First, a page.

Indoor Heat Stress

BE PREPARED for the heat with these helpful hints from Working Solutions!

Outdoor heat is not the only environment that causes stress on the body-hot indoor working environments can take their toll, too.  To beat the heat, it is important for you to prepare yourself for your hot work environment by take extra precautions to feel fit and safe on the job.

Causes of Heat Stress

Adequate preparation for your job includes education on how your boy becomes overheated.  The amount of stress you face, in addition to your body type, weight and health condition, depends on:

  • Temperature
  • Humidity
  • Radiant heat (from the sun, furnace or other heat source)
  • Air speed

Arrive Ready to Battle the Heat

There are several things you can do before arriving for your shift or throughout the day to reduce the effects of heat stress.  Some examples are:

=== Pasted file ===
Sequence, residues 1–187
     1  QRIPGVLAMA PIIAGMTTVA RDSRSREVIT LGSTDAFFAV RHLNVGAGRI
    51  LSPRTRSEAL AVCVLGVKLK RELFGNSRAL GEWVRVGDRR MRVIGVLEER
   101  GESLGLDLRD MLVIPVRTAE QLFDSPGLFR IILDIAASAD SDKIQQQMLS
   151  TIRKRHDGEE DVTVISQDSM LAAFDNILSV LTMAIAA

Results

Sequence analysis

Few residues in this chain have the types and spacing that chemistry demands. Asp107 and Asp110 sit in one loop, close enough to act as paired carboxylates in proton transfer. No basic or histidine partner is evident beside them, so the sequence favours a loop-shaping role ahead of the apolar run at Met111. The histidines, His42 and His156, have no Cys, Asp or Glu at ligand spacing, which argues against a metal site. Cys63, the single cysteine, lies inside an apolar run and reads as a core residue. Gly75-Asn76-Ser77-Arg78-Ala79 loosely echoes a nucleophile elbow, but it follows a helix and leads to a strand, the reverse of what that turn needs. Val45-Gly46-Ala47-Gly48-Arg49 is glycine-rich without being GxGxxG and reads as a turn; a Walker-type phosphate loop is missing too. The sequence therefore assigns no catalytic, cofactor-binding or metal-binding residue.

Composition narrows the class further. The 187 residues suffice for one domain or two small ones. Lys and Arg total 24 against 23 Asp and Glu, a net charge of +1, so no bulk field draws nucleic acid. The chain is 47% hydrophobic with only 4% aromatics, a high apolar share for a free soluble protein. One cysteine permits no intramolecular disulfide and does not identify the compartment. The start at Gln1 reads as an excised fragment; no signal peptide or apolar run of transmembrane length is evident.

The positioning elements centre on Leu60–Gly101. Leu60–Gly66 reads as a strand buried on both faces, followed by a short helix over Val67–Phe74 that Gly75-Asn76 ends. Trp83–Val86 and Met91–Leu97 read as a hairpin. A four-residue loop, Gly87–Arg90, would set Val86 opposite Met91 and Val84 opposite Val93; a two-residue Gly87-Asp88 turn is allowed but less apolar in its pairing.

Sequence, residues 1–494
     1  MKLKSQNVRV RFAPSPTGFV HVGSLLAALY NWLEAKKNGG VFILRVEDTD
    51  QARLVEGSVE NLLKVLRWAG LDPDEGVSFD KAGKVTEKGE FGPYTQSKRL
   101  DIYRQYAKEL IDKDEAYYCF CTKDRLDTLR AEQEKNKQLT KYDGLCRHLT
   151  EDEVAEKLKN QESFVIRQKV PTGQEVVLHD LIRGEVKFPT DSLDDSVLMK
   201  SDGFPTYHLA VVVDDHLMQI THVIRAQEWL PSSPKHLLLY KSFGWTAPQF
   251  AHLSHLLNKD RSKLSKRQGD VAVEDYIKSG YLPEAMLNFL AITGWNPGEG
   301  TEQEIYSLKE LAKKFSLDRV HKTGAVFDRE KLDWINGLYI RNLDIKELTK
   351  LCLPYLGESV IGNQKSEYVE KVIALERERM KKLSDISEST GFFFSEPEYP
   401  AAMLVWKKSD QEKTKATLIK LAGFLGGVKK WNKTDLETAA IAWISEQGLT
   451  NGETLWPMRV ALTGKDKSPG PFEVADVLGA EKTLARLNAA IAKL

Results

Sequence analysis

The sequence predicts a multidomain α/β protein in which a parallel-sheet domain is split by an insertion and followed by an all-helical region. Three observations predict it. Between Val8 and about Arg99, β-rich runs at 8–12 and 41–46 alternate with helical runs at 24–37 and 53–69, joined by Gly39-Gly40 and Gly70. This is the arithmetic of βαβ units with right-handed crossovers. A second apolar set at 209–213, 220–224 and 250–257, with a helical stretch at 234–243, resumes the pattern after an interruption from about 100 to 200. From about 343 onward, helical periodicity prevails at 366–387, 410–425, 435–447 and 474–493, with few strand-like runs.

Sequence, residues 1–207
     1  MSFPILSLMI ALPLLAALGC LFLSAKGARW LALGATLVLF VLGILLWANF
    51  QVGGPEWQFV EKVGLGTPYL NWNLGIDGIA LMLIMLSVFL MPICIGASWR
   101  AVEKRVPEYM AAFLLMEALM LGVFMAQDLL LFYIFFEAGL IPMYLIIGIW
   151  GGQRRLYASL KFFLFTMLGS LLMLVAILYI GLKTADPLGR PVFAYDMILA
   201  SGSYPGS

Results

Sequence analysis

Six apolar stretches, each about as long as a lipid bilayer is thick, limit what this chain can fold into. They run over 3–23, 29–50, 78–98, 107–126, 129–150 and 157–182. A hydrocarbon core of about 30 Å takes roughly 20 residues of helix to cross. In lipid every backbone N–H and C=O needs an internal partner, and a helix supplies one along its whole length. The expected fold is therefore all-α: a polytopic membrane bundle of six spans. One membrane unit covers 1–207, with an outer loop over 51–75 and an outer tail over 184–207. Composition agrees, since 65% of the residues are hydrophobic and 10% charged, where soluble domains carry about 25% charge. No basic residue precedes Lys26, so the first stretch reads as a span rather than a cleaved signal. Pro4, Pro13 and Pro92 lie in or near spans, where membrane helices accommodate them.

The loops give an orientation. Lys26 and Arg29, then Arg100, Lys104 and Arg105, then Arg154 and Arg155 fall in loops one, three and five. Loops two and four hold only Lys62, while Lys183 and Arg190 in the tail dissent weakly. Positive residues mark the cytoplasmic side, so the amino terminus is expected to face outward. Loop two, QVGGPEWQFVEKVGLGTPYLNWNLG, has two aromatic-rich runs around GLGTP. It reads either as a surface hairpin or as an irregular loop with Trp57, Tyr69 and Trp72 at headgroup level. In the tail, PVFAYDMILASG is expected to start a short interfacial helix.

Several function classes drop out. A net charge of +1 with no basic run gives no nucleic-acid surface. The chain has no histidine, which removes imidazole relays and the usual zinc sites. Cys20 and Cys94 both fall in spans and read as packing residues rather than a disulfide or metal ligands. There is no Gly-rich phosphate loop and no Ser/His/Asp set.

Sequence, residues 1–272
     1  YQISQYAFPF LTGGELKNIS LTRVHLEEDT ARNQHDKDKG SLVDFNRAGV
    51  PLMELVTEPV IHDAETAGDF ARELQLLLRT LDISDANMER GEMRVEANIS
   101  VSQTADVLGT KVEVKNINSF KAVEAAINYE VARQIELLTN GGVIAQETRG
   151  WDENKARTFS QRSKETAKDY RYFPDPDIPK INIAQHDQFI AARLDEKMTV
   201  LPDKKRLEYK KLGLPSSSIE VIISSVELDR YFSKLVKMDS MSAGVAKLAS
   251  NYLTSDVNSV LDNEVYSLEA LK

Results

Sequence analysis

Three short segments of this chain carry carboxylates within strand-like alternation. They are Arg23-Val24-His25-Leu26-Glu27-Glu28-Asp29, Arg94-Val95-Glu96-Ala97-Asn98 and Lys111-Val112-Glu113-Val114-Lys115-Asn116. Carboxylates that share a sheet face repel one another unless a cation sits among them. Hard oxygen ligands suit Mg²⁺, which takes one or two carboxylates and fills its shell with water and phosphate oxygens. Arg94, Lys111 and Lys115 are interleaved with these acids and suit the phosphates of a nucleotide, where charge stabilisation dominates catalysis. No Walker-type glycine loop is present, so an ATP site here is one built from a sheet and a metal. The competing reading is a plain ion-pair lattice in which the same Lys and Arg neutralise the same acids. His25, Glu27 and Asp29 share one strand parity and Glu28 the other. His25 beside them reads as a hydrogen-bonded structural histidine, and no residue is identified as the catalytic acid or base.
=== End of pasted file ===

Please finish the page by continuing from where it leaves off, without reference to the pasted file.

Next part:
• Drink plenty of water-sweating is your body’s way of stabilizing its internal temperature, which is helpful, but only if you replace the water you lose with extra fluids.
  • Take breaks- even short time periods away from direct heat sources can be helpful for your body.
  • Reduce your workload- your health and safety is No. 1, so if you are feeling exhausted from the heat, reduce the weight of your load of the pace of your work.
  • Wear proper clothing- loose-fitting clothing made of breathable fabric is best for staying cool.
  • Pace yourself the first day back- studies show that it takes time to acclimate your body to heat so ease back into hot work environments carefully, even if you only had a few days off.

Heat disorders can be very serious if ignored.  Hot work environments can cause heat stroke, heat exhaustion, heat cramps, fainting and heat rash.  Stop working and seek a cool environment immediately if you experience any of the following symptoms:  dizziness, delirium; mottled, bluish skin; high body temperature; painful muscle spams; or trouble sleeping after a day’s work.

 

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